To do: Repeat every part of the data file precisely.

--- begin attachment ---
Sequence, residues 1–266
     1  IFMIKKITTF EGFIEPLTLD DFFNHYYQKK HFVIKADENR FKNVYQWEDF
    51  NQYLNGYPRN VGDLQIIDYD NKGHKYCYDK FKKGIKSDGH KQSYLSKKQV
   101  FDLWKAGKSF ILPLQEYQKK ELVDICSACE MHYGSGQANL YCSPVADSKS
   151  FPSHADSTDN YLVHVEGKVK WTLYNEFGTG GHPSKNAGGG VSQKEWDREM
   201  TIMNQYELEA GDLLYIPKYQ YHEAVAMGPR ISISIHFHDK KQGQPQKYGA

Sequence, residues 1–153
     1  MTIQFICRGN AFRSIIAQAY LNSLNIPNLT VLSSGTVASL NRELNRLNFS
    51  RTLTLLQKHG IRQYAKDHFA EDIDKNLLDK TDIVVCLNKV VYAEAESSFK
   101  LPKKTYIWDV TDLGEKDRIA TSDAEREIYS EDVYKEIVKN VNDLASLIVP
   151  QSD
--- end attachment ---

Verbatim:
Sequence, residues 1–266
     1  IFMIKKITTF EGFIEPLTLD DFFNHYYQKK HFVIKADENR FKNVYQWEDF
    51  NQYLNGYPRN VGDLQIIDYD NKGHKYCYDK FKKGIKSDGH KQSYLSKKQV
   101  FDLWKAGKSF ILPLQEYQKK ELVDICSACE MHYGSGQANL YCSPVADSKS
   151  FPSHADSTDN YLVHVEGKVK WTLYNEFGTG GHPSKNAGGG VSQKEWDREM
   201  TIMNQYELEA GDLLYIPKYQ YHEAVAMGPR ISISIHFHDK KQGQPQKYGA

Sequence, residues 1–153
     1  MTIQFICRGN AFRSIIAQAY LNSLNIPNLT VLSSGTVASL NRELNRLNFS
    51  RTLTLLQKHG IRQYAKDHFA EDIDKNLLDK TDIVVCLNKV VYAEAESSFK
   101  LPKKTYIWDV TDLGEKDRIA TSDAEREIYS EDVYKEIVKN VNDLASLIVP
   151  QSD